A circumferential laceration in the right bile duct was seen on ERCP. The patient was taken to the operating room for exploratory laparotomy and duct repair through a duct-to-duct anastomosis. A drain was placed in the abdominal cavity to monitor any further leakage of fluids and the patient was observed over the following week. The patient’s health gradually improved, and the patient was discharged five days after their operation.
Surgical procedures are the leading cause of biliary injuries, while abdominal trauma holds a much less proportion of the pathology. There have been various pathophysiological mechanisms proposed for traumatic biliary tract injuries such as the compression of portions of the extrahepatic bile ducts against the vertebral column or the liver; the compression of a full gallbladder against the liver, hence leading to a blowout rupture of the biliary tract; or the application of non-uniform shearing forces on the biliary system, ultimately producing the same injuries.3 As the authors’ case was the result of assault and an associated fall, they believe that the most probable mechanism for the right hepatic duct could have been the non-uniform shearing forces.
The most common anatomic locations of traumatic biliary injuries are the origin of the left hepatic duct; the point of bifurcation of the left and right hepatic ducts and the pancreaticoduodenal junction.4 Pereira et al.5 conducted a systematic review of a total of 66 cases of traumatic bile duct injuries. They reported that complete transection of the common bile duct (suprapancreatic and intrapancreatic) were the most common injuries reported followed by partial laceration of the left hepatic duct; partial laceration of the right hepatic duct; and complete laceration of the right hepatic duct.5 What makes the authors’ case rare was an isolated laceration of the right hepatic duct, which is usually protected in patients post-trauma due to the duct being located deeper below the liver.1
Extrahepatic bile duct injuries due to trauma may generally go unnoticed in the initial period and be diagnosed in the later part of the clinical course of the patient.1 Zago et al.6 reported two cases of traumatic biliary duct injuries. One was diagnosed as left hepatic duct injury on the sixteenth day after a motor vehicle collision, while the other patient suffered from multiple lacerations of the extrahepatic biliary duct after a fall from a height of 7 m and was diagnosed at the time of laparotomy.6 In comparison, the suspicion of biliary tract injury started on the third day post-trauma in the authors’ patient, based on the presence of biliary discharge on the dressings. The diagnosis and treatment of a patient developing a biliary injury broadly depends on the haemodynamic state of the patient, with the patients who are haemodynamically unstable generally getting diagnosed earlier compared with patients who are haemodynamically stable, like in this case.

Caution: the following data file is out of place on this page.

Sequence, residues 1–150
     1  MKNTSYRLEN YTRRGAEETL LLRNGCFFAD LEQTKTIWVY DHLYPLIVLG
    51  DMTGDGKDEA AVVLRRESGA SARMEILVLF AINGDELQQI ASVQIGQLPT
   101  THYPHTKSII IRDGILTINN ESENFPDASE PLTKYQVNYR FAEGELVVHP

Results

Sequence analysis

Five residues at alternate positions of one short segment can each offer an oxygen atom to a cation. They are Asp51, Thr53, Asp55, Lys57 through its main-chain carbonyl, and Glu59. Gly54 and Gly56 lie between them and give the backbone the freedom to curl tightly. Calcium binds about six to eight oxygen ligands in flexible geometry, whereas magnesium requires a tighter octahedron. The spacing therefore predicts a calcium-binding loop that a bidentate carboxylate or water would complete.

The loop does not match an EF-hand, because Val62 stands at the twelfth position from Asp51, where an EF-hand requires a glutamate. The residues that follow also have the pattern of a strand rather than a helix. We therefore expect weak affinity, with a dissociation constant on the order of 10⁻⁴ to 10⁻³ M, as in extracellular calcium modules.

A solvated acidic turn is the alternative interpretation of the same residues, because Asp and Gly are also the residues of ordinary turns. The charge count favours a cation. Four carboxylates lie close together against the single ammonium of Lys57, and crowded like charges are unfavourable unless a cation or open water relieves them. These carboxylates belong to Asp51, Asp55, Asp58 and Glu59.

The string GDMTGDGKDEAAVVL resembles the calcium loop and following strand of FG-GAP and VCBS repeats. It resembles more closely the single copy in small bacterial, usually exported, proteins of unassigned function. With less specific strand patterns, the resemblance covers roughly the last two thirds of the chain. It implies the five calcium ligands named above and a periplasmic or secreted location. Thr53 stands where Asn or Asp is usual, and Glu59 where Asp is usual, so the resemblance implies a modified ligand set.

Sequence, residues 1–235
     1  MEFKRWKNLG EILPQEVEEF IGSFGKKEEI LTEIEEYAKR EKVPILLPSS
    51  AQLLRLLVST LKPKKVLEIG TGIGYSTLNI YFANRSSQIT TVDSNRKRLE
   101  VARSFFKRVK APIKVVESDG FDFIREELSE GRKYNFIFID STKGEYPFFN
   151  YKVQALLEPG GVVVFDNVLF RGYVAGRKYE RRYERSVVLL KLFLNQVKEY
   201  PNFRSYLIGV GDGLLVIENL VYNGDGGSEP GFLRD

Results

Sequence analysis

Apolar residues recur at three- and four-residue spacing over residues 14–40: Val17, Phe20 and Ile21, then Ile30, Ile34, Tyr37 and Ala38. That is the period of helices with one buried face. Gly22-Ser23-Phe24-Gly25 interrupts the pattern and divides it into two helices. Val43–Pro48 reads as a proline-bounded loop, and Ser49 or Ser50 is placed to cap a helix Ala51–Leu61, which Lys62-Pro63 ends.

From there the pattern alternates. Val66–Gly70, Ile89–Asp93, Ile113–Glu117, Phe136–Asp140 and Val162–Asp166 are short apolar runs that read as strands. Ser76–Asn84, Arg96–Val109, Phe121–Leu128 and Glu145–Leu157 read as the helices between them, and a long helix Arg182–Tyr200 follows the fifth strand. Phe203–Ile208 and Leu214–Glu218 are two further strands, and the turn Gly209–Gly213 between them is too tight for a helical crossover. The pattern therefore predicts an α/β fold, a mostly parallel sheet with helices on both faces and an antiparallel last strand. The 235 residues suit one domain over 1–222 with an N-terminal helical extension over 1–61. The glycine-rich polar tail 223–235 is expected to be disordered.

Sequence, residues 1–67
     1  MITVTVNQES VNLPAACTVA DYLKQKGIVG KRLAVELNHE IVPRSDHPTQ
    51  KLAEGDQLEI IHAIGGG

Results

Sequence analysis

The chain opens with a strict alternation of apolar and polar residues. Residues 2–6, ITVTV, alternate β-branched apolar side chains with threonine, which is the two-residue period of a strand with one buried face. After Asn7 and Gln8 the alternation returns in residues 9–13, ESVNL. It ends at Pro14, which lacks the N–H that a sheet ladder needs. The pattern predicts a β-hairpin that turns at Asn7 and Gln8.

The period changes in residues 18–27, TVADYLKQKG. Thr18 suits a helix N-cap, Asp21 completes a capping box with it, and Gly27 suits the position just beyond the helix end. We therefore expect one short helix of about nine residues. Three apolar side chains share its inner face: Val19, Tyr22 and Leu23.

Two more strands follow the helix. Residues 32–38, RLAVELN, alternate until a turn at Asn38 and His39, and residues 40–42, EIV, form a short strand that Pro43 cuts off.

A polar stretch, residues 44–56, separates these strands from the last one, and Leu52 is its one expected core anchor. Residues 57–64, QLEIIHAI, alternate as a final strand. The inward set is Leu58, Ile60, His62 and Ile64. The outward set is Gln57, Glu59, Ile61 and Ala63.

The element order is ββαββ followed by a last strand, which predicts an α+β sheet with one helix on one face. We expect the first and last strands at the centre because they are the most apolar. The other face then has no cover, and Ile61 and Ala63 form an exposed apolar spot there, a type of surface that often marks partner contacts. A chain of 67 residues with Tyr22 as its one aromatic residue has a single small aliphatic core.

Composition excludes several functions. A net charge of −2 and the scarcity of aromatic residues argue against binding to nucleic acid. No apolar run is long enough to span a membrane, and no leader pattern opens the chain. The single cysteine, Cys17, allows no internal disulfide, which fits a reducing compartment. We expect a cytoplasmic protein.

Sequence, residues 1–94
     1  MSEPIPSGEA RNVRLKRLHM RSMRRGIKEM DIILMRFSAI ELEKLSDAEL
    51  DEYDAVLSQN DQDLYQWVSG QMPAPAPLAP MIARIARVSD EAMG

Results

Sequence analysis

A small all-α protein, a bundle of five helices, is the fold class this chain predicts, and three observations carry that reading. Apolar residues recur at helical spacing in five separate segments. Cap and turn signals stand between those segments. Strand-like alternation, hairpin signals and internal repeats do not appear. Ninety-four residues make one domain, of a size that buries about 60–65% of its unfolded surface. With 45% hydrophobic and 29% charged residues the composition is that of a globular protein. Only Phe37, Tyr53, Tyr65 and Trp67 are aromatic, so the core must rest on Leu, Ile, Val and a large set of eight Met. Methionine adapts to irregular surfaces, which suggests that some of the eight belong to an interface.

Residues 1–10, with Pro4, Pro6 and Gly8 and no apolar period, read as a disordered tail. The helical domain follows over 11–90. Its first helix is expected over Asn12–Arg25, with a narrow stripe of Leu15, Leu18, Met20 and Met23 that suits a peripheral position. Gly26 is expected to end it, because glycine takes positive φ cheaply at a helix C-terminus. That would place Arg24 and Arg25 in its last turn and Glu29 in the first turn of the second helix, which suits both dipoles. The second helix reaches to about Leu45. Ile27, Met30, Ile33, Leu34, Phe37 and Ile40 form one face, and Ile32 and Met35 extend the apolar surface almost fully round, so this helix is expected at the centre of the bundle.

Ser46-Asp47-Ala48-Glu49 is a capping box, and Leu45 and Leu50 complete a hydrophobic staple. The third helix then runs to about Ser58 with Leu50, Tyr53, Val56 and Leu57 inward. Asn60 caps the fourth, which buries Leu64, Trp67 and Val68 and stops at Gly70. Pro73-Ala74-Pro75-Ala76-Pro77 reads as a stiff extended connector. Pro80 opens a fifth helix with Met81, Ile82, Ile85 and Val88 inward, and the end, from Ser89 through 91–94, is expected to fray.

On ERCP, right hepatic duct injury without continuity associated with bile leak was seen, so the authors arrived at a diagnosis of a circumferential right hepatic duct injury. As the right hepatic duct injury was circumferential, repair through endoscopic stenting, a procedure which is utilised only for partial lacerations, was not possible. The patient had recently undergone a penetrating stab wound to her abdomen, which was repaired. As a result of the recent abdominal surgery, a laparoscopic procedure was considered out of the question and the duct-to-duct anastomosis for the right hepatic duct injury was completed through open surgery instead. A monofilament interrupted 5-0 prolene suture was used.
The authors’ case suffered a laceration of the right hepatic duct, which itself is a rare presentation amongst the various extrahepatic ductal injuries post-trauma. The absence of any significant features on the CT scan of the abdomen on the day after the initial trauma did not rule out biliary tract injuries in this case. So, despite adequate imaging, one should always keep a differential diagnosis of biliary tract injury in the back of one’s mind as the failure to do the same might result in the development of various complications such as biliary leakage, biliary strictures, or recurrent cholangitis.7